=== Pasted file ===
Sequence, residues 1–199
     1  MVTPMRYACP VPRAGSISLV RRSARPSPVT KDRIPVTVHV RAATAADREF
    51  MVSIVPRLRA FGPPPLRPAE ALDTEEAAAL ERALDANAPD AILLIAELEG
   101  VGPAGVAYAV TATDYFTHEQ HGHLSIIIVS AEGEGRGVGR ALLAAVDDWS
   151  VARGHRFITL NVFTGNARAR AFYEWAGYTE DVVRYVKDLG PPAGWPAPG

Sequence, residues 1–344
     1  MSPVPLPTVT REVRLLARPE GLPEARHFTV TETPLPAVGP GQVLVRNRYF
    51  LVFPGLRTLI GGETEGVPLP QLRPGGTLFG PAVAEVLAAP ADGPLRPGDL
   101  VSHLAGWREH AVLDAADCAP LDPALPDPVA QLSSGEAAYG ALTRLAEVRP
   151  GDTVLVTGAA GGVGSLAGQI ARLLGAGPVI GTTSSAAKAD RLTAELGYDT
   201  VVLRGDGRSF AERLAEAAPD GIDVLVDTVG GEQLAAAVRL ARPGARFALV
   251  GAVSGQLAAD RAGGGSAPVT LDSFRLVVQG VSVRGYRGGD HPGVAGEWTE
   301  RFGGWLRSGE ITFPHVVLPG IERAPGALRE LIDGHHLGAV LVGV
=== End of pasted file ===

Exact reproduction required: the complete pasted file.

Sequence, residues 1–199
     1  MVTPMRYACP VPRAGSISLV RRSARPSPVT KDRIPVTVHV RAATAADREF
    51  MVSIVPRLRA FGPPPLRPAE ALDTEEAAAL ERALDANAPD AILLIAELEG
   101  VGPAGVAYAV TATDYFTHEQ HGHLSIIIVS AEGEGRGVGR ALLAAVDDWS
   151  VARGHRFITL NVFTGNARAR AFYEWAGYTE DVVRYVKDLG PPAGWPAPG

Sequence, residues 1–344
     1  MSPVPLPTVT REVRLLARPE GLPEARHFTV TETPLPAVGP GQVLVRNRYF
    51  LVFPGLRTLI GGETEGVPLP QLRPGGTLFG PAVAEVLAAP ADGPLRPGDL
   101  VSHLAGWREH AVLDAADCAP LDPALPDPVA QLSSGEAAYG ALTRLAEVRP
   151  GDTVLVTGAA GGVGSLAGQI ARLLGAGPVI GTTSSAAKAD RLTAELGYDT
   201  VVLRGDGRSF AERLAEAAPD GIDVLVDTVG GEQLAAAVRL ARPGARFALV
   251  GAVSGQLAAD RAGGGSAPVT LDSFRLVVQG VSVRGYRGGD HPGVAGEWTE
   301  RFGGWLRSGE ITFPHVVLPG IERAPGALRE LIDGHHLGAV LVGV